Solve the linear equations by considering y as a function of x, that is, \displaystyle{y}={y}{\left({x}\right)}.{x}{y}'+{\left({1}+{x}\right)}{y}={e}^{{-{x}}} \sin{{2}}{x}

Carol Gates 2020-10-28 Answered

Solve the linear equations by considering y as a function of x, that is, \(\displaystyle{y}={y}{\left({x}\right)}.{x}{y}'+{\left({1}+{x}\right)}{y}={e}^{{-{x}}} \sin{{2}}{x}\)

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Expert Answer

Elberte
Answered 2020-10-29 Author has 27553 answers

Variation of parameters
First, solve the linear homogeneous equation by separating variables.
Rearranging terms in the equation gives
\(\displaystyle{x}{y}'=-{\left({1}+{x}\right)}{y}\Leftrightarrow\frac{{\left.{d}{y}\right.}}{{\left.{d}{x}\right.}}=-\frac{{{\left({1}+{x}\right)}{y}}}{{x}}\Leftrightarrow\frac{d}{{y}}=-\frac{{{\left({1}+{x}\right)}{\left.{d}{x}\right.}}}{{x}}\)
Now, the variables are separated, x appears only on the right side, and y only on the left.
Integrate the left side in relation to y, and the right side in relation to x
\(\displaystyle{x}{y}'=-{\left({1}+{x}\right)}{y}\Leftrightarrow\frac{{\left.{d}{y}\right.}}{{\left.{d}{x}\right.}}=-\frac{{{\left({1}+{x}\right)}{y}}}{{x}}\Leftrightarrow\frac{d}{{y}}=-\frac{{{\left({1}+{x}\right)}{\left.{d}{x}\right.}}}{{x}}\)
Let’s solve the integral on the right side.
\(\displaystyle\int\frac{{{\left({1}+{x}\right)}{\left.{d}{x}\right.}}}{{x}}=\int{\left(\frac{1}{{x}}+\frac{x}{{x}}\right)}{\left.{d}{x}\right.}\)
\(\displaystyle=\int{\left(\frac{1}{{x}}+{1}\right)}{\left.{d}{x}\right.}\)
\(\displaystyle=\int\frac{{\left.{d}{x}\right.}}{{x}}+\int{\left.{d}{x}\right.}\)
\(\displaystyle={\ln}{\left|{x}\right|}+{x}+{c}\)
Therefore,
\(\displaystyle{\ln}{\left|{y}\right|}=-{\ln}{\left|{x}\right|}-{x}+{c}\)
By taking exponents, we obtain
\(\displaystyle{\left|{y}\right|}={e}^{{-{\ln}{\left|{x}\right|}-{x}+{c}}}=\frac{1}{{{\left|{x}\right|}{e}^{x}}}\cdot{e}\cdot{c}\)
Hence,we obtain
\(\displaystyle{y}=\frac{C}{{{x}{e}^{x}}}\)
where \(\displaystyle{C}\:=\pm{e}^{c}{\quad\text{and}\quad}{y}_{{c}}=\frac{1}{{{x}{e}^{x}}}\) is the complementary solution.
Next, we need to find the particular solution \(\displaystyle{y}_{{p}}\).
Therefore, we consider \(\displaystyle{u}{y}_{{c}}\), and try to find u, a function of x, that will make this work.
Let’s assume that \(\displaystyle{u}{y}_{{c}}\), is a solution of the given equation. Hence, it satisfies the given equation.
Write the equation in the standard form (divide it by x 4 0)
\(\displaystyle{y}'+\frac{{{\left({1}+{x}\right)}{y}}}{{x}}=\frac{{{e}^{{-{x}}} \sin{{2}}{x}}}{{x}}\)
Substituting \(\displaystyle{d}{i}{s}{p}{l}{a}{y}{s}{t}{y}\le{\left\lbrace{u}\right\rbrace}{\left\lbrace{y}\right\rbrace}_{{{\left\lbrace{c}\right\rbrace}}}\) and its derivative in the equation gives
\(\displaystyle{u}{y}_{{c}}\)
\(\displaystyle{\left({u}{y}_{{c}}\right)}'+\frac{{{\left({1}+{x}\right)}{u}{y}_{{c}}}}{{x}}=\frac{{{e}^{{-{x}}} \sin{{2}}{x}}}{{x}}\)
\(\displaystyle{u}'{y}_{{c}}+{u}{\left({y}'{c}+\underbrace{{\frac{{{\left({1}+{x}\right)}{y}_{{c}}}}{{x}}}}\right)}{{={0}\ \text{since}\ {y}_{{c}}\text{is a solution}}}\)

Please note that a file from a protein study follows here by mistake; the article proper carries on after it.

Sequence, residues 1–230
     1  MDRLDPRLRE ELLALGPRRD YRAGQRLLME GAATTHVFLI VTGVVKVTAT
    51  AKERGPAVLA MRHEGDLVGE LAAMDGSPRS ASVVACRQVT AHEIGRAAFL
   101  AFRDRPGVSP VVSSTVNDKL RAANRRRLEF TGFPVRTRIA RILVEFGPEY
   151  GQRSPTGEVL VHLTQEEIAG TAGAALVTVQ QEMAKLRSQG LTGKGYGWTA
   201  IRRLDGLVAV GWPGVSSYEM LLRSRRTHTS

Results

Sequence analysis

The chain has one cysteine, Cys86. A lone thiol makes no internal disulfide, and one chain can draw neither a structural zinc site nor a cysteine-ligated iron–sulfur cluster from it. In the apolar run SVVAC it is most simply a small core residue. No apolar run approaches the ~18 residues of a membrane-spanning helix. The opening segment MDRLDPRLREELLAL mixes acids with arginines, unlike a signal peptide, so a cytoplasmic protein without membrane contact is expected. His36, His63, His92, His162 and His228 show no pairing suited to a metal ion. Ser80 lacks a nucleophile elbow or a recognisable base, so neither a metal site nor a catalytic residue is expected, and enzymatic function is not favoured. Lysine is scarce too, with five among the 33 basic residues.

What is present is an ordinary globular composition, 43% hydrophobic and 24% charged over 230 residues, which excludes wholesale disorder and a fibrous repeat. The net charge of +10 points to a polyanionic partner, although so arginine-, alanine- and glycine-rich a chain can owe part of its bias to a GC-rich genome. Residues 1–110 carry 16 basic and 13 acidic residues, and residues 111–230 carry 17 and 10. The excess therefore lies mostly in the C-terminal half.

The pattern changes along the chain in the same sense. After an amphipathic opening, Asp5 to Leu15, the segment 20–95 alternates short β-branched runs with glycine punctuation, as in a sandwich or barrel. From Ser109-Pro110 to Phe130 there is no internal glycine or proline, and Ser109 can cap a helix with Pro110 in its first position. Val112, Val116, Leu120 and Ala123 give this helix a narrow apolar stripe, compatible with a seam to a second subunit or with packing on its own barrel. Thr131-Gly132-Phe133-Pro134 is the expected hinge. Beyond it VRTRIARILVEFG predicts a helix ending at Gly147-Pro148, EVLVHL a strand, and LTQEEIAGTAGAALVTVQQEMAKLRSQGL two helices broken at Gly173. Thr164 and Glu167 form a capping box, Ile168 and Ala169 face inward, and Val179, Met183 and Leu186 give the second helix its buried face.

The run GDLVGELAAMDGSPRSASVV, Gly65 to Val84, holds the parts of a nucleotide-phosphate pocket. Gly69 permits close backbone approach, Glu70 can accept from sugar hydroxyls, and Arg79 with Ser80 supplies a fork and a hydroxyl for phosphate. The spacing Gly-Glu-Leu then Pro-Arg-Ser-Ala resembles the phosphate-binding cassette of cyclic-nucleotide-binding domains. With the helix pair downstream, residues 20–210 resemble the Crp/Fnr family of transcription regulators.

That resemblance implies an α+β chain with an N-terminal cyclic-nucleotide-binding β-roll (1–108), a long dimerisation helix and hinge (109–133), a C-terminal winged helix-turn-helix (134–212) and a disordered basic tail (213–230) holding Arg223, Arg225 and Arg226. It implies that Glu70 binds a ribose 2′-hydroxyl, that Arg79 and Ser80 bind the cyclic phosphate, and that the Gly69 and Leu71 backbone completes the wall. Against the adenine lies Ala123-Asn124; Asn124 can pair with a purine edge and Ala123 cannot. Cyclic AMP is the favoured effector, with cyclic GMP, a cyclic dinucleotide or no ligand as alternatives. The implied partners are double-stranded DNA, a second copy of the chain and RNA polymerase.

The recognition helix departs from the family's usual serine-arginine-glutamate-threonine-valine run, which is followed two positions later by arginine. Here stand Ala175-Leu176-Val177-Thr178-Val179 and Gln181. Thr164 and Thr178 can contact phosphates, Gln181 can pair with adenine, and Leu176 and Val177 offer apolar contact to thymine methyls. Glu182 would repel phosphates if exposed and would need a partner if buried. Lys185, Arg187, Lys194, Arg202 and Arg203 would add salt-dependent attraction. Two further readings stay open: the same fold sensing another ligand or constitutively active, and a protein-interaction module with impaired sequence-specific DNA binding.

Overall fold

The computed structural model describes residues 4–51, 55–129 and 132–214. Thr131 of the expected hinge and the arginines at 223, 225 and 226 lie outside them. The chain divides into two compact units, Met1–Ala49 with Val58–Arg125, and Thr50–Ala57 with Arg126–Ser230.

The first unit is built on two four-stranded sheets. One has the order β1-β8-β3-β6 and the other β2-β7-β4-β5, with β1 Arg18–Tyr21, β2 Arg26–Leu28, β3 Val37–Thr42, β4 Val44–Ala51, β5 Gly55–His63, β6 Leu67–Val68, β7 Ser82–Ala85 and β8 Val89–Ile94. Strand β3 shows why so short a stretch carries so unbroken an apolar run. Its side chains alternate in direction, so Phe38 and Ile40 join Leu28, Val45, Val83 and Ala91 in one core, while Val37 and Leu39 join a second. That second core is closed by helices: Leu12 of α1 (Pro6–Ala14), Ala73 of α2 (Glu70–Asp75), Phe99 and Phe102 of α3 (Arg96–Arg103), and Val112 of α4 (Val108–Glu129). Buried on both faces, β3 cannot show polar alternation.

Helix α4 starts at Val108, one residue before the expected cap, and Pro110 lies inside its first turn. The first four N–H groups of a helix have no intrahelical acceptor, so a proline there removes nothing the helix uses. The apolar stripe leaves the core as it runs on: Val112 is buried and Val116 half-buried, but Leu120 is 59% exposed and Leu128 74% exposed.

Therefore,
\(\displaystyle{u}'{y}_{{c}}=\frac{{{e}^{{-{x}}} \sin{{2}}{x}}}{{x}}\Rightarrow{u}'=\frac{{\frac{{{e}^{{-{x}}} \sin{{2}}{x}}}{{x}}}}{{y}_{{c}}}\)
which gives
\(\displaystyle{u}=\int\frac{{\frac{{{e}^{{-{x}}} \sin{{2}}{x}}}{{x}}}}{{{y}_{{c}}}}{\left.{d}{x}\right.}\)
Now, we can find the function u :
\(\displaystyle=\int\frac{{{{x}}{{e}}^{x}\cdot{e}^{{-{x}}} \sin{{2}}{x}}}{{{{x}}}}{\left.{d}{x}\right.}\)
\(\displaystyle=\int \sin{{2}}{x}{\left.{d}{x}\right.}\)
\(\displaystyle=-\frac{1}{{2}} \cos{{2}}{x}+{e}\)
Since we need to find only one function that will make this work, we don’t need to introduce the constant of integration c. Hence,
\(\displaystyle{u}=-\frac{1}{{2}} \cos{{2}}{x}\)
Recall that \(\displaystyle{y}_{{p}}={u}{y}_{{c}}\). Therefore,
\(\displaystyle{y}_{{p}}-\frac{1}{{2}}\cdot\frac{{ \cos{{2}}{x}}}{{{x}{e}^{x}}}\)
The general solution is
\(\displaystyle{y}={C}{y}_{{c}}+{y}_{{p}}\)
\(\displaystyle=\frac{C}{{{x}{e}^{x}}}-\frac{1}{{2}}\cdot\frac{{ \cos{{2}}{x}}}{{{x}{e}^{x}}}\)
\(\displaystyle=\frac{{{C}-\frac{1}{{2}}\cdot \cos{{2}}{x}}}{{{x}{e}^{x}}}\)
Integrating Factor technique
First, write the equation in the standard form (divide it by \(\displaystyle{x}\ne{0}\))
\(\displaystyle{y}'+\frac{{{\left({1}+{x}\right)}{y}}}{{x}}=\frac{{{e}^{{-{x}}} \sin{{2}}{x}}}{{x}}\)
This equation is linear with \(\displaystyle{P}{\left({x}\right)}=\frac{{{1}+{x}}}{{x}}{\quad\text{and}\quad}{Q}{\left({x}\right)}=\frac{{{e}^{{-{x}}} \sin{{2}}{x}}}{{x}}\)
, Hence,
\(\displaystyle{h}=\int{P}{\left.{d}{x}\right.}\int\frac{{{1}+{x}}}{{x}}{\left.{d}{x}\right.}={\ln}{\left|{x}\right|}+{x}\)
So, an integrating factor is
\(\displaystyle{e}^{h}={e}^{{{\ln}{\left|{x}\right|}+{x}}}={x}{e}^{x}\)
and the general solution is
\(\displaystyle{y}{\left({x}\right)}={e}^{{-{h}}}{\left({c}+\int{Q}{e}^{h}{\left.{d}{x}\right.}\right)}\)
\(\displaystyle=\frac{1}{{{x}{e}^{x}}}{\left({c}+\int\frac{{{1}+{x}}}{{l{{x}}}}{{x}}{e}^{x}\right)}\)
\(\displaystyle=\frac{1}{{{x}{e}^{x}}}{\left({c}+\int\frac{{{{e}}^{{-{x}}} \sin{{2}}{x}}}{{{{x}}}}\cdot l{{x}}{{e}}^{x}\right)}\)
\(\displaystyle=\frac{{{c}-\frac{1}{{2}}\cdot \cos{{2}}{x}}}{{x}}{e}^{x}\)

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